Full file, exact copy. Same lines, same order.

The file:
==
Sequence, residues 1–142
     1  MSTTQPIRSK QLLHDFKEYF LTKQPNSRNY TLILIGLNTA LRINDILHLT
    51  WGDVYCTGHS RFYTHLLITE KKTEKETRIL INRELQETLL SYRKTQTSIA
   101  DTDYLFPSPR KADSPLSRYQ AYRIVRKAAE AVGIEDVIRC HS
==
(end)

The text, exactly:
Sequence, residues 1–142
     1  MSTTQPIRSK QLLHDFKEYF LTKQPNSRNY TLILIGLNTA LRINDILHLT
    51  WGDVYCTGHS RFYTHLLITE KKTEKETRIL INRELQETLL SYRKTQTSIA
   101  DTDYLFPSPR KADSPLSRYQ AYRIVRKAAE AVGIEDVIRC HS